In the wake of upcoming cuts to the Food Stamp Program, politicians on both sides of the aisle are questioning the nature of the farm bill and wondering whether it is appropriate to use agricultural legislation as a vehicle for reducing or advancing anti-poverty programs.
Since its inception in the 1930s, the U.S. Department of Agriculture has administered the Food Stamp Program. In 1964, when the program was made permanent as an agreement between rural and urban lawmakers, the goals of the program were to simultaneously reduce poverty and stimulate the agricultural economy.
Since the 60s, food stamps have undergone a series of legislative reforms, including major overhauling during welfare reform in the 1990s. Since then, many Americans have viewed the Food Stamp Program less as a way to strengthen American farming, and more as a social safety program designed to combat poverty.
The debate in the House of Representatives reflects this division. Republicans, led by House Agriculture Committee chair Frank Lucas, are portraying significant cuts to nutritional funding as an effort to strengthen farm legislation. According to Lucas, “This is a balanced, reform-minded, fiscally responsible bill that underscores our commitment to production agriculture and rural America, achieves real savings and improves program efficiency.”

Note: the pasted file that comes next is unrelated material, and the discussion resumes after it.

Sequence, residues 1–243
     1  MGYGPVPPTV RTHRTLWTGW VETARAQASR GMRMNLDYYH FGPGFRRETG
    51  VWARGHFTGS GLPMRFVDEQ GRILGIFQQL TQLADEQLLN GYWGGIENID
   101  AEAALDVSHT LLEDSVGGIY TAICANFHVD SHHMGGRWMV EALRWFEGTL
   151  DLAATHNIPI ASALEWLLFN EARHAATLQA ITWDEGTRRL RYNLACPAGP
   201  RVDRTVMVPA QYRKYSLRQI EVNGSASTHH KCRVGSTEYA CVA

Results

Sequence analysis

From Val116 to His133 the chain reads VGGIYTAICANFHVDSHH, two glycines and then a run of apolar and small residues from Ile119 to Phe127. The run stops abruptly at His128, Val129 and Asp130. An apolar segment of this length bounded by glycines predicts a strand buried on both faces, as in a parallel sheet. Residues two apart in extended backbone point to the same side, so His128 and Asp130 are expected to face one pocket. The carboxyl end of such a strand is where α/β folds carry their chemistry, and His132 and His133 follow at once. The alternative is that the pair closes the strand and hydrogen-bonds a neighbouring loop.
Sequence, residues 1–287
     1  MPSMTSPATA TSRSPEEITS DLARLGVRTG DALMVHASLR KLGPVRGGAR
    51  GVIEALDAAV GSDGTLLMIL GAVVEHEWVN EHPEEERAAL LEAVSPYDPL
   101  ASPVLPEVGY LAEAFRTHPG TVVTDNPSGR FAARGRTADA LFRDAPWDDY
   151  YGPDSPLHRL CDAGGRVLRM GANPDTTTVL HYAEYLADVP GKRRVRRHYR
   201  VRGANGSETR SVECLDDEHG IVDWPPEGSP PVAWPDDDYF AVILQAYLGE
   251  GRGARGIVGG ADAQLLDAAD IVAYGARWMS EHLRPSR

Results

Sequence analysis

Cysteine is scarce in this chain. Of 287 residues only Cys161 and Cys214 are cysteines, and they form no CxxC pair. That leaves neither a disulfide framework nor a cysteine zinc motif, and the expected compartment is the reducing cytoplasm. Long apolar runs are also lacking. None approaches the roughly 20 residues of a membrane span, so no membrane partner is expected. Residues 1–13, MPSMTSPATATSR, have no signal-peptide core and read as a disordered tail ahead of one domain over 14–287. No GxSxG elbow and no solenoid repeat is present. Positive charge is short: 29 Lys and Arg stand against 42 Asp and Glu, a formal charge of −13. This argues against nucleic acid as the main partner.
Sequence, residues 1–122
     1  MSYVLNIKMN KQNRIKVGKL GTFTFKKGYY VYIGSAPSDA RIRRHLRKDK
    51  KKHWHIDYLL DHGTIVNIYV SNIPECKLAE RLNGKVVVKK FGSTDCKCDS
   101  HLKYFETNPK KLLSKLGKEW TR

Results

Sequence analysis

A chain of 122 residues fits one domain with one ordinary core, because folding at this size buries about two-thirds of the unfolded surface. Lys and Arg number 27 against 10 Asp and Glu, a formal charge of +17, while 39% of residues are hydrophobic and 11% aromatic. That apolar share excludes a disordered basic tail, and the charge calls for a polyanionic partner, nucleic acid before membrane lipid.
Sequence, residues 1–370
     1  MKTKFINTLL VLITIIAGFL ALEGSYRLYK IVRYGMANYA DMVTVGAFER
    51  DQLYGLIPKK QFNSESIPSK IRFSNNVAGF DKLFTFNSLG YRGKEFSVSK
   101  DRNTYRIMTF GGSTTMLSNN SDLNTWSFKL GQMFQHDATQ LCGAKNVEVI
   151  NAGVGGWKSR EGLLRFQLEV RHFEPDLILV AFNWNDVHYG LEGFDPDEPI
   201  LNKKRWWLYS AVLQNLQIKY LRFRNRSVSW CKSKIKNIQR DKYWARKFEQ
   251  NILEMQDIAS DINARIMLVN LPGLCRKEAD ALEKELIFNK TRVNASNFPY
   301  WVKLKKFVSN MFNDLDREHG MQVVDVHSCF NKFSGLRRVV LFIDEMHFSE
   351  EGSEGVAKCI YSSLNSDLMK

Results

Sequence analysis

Democrats, however, have condemned the cuts, claiming that they are an unnecessary and unfair burden to lower income Americans already struggling in tough economic times. According to California Representative Lynn Woolsey, “These cuts are a slap in the face to millions of people trying to make ends meet.”
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Written by: Justin Ellison / Farm Plus Staff Writer